Another Look at the Cross-section of Expected Stock Returns


  • S. P. KOTHARI,



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    • Kothari and Shanken are from the William E. Simon Graduate School of Business Administration, University of Rochester. Sloan is from the Wharton School, University of Pennsylvania. We acknowledge the excellent research assistance of Roger Edelen and Sharmila Hardi. Barr Rosenberg has been particularly helpful on Compustat-related issues in the paper. We thank Ray Ball, Sudipta Basu, Jonathan Berk, Eugene Fama, Kenneth French, Narsimhan Jegadeesh, Jeff Pontiff, Rick Ruback, René Stulz, Dennis Sheehan, two anonymous referees, Dave Mayers (the editor), and seminar participants at the City University Business School at London, Harvard University, the Institute of Quantitative Investment Research Conference in Cambridge, London Business School, Pennsylvania State University, the National Bureau of Economic Research, Southern Methodist University, University of Southern California, SUNY at Buffalo, Wharton, and the Accounting and Economics Conference at Washington University, for useful comments. S. P. Kothari and Jay Shanken acknowledge financial support from the Bradley Policy Center at the Simon School, University of Rochester and the John M. Olin Foundation.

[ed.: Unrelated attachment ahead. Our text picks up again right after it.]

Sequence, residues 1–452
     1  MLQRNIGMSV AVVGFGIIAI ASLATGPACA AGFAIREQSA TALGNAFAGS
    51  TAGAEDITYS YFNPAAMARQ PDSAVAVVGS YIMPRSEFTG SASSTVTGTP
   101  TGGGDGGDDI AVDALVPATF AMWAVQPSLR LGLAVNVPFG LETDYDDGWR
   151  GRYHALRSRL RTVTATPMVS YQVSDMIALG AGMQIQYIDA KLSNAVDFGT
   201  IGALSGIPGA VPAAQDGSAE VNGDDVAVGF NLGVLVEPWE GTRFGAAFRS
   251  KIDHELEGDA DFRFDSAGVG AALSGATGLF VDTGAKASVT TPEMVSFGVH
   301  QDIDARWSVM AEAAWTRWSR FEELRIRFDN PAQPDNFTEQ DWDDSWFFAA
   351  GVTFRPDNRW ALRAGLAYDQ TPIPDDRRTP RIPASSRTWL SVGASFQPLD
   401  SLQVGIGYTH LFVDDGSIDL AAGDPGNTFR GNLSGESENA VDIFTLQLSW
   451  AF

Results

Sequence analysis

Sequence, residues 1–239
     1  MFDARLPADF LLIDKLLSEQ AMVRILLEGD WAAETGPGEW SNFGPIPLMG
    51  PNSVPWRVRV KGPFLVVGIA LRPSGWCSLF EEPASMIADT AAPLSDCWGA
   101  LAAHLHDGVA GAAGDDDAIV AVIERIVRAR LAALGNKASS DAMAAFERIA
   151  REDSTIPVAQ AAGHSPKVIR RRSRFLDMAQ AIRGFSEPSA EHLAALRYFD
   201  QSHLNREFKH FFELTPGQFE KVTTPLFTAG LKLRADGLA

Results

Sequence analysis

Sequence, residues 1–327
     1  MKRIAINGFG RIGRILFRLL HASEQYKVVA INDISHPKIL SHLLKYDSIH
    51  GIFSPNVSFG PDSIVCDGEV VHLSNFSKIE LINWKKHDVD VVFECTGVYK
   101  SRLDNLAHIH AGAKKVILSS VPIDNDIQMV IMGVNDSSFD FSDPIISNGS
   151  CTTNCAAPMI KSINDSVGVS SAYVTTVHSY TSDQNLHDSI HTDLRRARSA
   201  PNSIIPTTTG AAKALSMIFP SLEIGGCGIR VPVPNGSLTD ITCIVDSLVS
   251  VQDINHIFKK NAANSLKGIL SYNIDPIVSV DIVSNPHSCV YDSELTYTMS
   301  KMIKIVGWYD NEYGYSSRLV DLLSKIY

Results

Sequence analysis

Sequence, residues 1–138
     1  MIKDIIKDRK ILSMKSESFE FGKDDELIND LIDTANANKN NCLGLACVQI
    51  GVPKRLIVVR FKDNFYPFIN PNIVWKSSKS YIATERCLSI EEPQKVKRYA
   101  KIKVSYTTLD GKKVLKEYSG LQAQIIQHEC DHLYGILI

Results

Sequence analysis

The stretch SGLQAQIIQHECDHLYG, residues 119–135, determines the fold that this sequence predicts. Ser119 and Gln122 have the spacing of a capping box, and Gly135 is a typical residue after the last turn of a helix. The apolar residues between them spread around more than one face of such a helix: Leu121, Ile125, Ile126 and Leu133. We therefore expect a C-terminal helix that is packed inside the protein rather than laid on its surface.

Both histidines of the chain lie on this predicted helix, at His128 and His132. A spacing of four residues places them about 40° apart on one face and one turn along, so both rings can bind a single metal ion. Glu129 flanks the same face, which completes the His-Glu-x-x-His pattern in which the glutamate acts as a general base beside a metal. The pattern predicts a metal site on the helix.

Our examination of the cross-section of expected returns reveals economically and statistically significant compensation (about 6 to 9 percent per annum) for beta risk when betas are estimated from time-series regressions of annual portfolio returns on the annual return on the equally weighted market index. The relation between book-to-market equity and returns is weaker and less consistent than that in Fama and French (1992). We conjecture that past book-to-market results using COMPUS-TAT data are affected by a selection bias and provide indirect evidence.